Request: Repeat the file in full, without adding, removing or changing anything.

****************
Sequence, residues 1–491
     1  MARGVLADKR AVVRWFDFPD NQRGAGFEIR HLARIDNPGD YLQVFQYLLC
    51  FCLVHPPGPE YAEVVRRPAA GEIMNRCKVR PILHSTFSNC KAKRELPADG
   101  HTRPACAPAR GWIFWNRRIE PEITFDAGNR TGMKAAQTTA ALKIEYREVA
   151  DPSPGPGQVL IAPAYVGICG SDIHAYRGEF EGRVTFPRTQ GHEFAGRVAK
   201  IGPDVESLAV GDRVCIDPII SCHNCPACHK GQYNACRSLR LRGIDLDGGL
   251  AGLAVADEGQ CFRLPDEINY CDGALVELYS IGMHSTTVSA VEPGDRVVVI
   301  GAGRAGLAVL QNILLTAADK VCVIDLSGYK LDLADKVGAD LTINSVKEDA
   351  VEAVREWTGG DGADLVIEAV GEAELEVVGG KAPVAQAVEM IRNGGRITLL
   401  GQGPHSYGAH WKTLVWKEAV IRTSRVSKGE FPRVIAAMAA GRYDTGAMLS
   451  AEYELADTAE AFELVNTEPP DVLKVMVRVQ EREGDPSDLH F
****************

Sequence, residues 1–491
     1  MARGVLADKR AVVRWFDFPD NQRGAGFEIR HLARIDNPGD YLQVFQYLLC
    51  FCLVHPPGPE YAEVVRRPAA GEIMNRCKVR PILHSTFSNC KAKRELPADG
   101  HTRPACAPAR GWIFWNRRIE PEITFDAGNR TGMKAAQTTA ALKIEYREVA
   151  DPSPGPGQVL IAPAYVGICG SDIHAYRGEF EGRVTFPRTQ GHEFAGRVAK
   201  IGPDVESLAV GDRVCIDPII SCHNCPACHK GQYNACRSLR LRGIDLDGGL
   251  AGLAVADEGQ CFRLPDEINY CDGALVELYS IGMHSTTVSA VEPGDRVVVI
   301  GAGRAGLAVL QNILLTAADK VCVIDLSGYK LDLADKVGAD LTINSVKEDA
   351  VEAVREWTGG DGADLVIEAV GEAELEVVGG KAPVAQAVEM IRNGGRITLL
   401  GQGPHSYGAH WKTLVWKEAV IRTSRVSKGE FPRVIAAMAA GRYDTGAMLS
   451  AEYELADTAE AFELVNTEPP DVLKVMVRVQ EREGDPSDLH F